His dissertation titled "On Methods for Assistive Mobile Robots" presents a new navigation method that finds open and free areas where a vehicle can navigate. These free, open areas are used to create a map that can be used for navigation. The research has resulted in a new type of wheelchair prototype called MICA-Mobile Internet Connected Assistant.
“MICA is connected to the Internet and can be remote controlled or driven manually, but can also navigate on its own. The new navigation method is used to find possible routes for the wheelchair, past various obstacles, for instance. A distance-metering sensor is used to discover the surfaces that are available to the wheelchair, and the technology can also be used to ensure that the wheelchair is being used in a safe manner,” says Sven Rönnbäck.
One prospective user group would be severely handicapped individuals who would otherwise find it difficult to steer a wheelchair. Using a computer and a mouse controlled by the head, they can steer the wheelchair through head movements alone, which would obviously open new possibilities for people who have suffered spinal injuries, for example, and substantially lost control of their arms and legs.
“With the new navigation system, users can use their head to give commands to the wheelchair. Examples of commands are ‘take the next possible left,’ ‘next possible right,’ ‘follow the wall,’ ‘turn right/left,’ ‘go straight ahead,’ ‘go through the doorway,’ etc.”
Ultimately this new technology can be used to guide the blind and sight impaired as a complement to the cane. Since the technology also creates a map, it can also assist people who suffer from dementia and impaired memory. The technology thus provides the user with both enhanced freedom and reduced dependency on relatives and personal assistants.
Lena Edenbrink | alfa
Construction of practical quantum computers radically simplified
05.12.2016 | University of Sussex
UT professor develops algorithm to improve online mapping of disaster areas
29.11.2016 | University of Tennessee at Knoxville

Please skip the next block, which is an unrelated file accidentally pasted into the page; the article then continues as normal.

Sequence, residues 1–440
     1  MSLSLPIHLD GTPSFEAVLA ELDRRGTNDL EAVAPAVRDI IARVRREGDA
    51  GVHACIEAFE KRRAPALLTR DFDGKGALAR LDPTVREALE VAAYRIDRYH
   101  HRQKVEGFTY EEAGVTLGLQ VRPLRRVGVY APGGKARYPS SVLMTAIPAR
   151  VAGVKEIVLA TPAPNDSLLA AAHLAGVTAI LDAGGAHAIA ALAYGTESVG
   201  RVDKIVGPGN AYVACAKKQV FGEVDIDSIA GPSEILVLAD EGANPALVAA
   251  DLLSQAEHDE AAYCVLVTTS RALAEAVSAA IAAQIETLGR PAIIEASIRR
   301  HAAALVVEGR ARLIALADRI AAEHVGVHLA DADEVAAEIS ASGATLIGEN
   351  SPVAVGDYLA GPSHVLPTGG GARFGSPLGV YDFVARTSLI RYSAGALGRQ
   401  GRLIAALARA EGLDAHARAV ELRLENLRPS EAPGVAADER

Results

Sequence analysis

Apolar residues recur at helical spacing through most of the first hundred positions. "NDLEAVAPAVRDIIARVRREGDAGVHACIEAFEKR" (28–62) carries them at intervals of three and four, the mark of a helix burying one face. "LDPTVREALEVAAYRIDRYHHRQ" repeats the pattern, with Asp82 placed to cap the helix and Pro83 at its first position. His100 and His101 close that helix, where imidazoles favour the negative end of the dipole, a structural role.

In recent years, lasers with ultrashort pulses (USP) down to the femtosecond range have become established on an industrial scale. They could advance some applications with the much-lauded “cold ablation” – if that meant they would then achieve more throughput. A new generation of process engineering that will address this issue in particular will be discussed at the “4th UKP Workshop – Ultrafast Laser Technology” in April 2017.
Even back in the 1990s, scientists were comparing materials processing with nanosecond, picosecond and femtosesecond pulses. The result was surprising:...
Have you ever wondered how you see the world? Vision is about photons of light, which are packets of energy, interacting with the atoms or molecules in what...
A multi-institutional research collaboration has created a novel approach for fabricating three-dimensional micro-optics through the shape-defined formation of porous silicon (PSi), with broad impacts in integrated optoelectronics, imaging, and photovoltaics.
Working with colleagues at Stanford and The Dow Chemical Company, researchers at the University of Illinois at Urbana-Champaign fabricated 3-D birefringent...
In experiments with magnetic atoms conducted at extremely low temperatures, scientists have demonstrated a unique phase of matter: The atoms form a new type of quantum liquid or quantum droplet state. These so called quantum droplets may preserve their form in absence of external confinement because of quantum effects. The joint team of experimental physicists from Innsbruck and theoretical physicists from Hannover report on their findings in the journal Physical Review X.
“Our Quantum droplets are in the gas phase but they still drop like a rock,” explains experimental physicist Francesca Ferlaino when talking about the...
The Max Planck Institute for Physics (MPP) is opening up a new research field. A workshop from November 21 - 22, 2016 will mark the start of activities for an innovative axion experiment. Axions are still only purely hypothetical particles. Their detection could solve two fundamental problems in particle physics: What dark matter consists of and why it has not yet been possible to directly observe a CP violation for the strong interaction.
The “MADMAX” project is the MPP’s commitment to axion research. Axions are so far only a theoretical prediction and are difficult to detect: on the one hand,...
16.11.2016 | Event News
01.11.2016 | Event News
14.10.2016 | Event News
07.12.2016 | Earth Sciences
07.12.2016 | Earth Sciences
07.12.2016 | Materials Sciences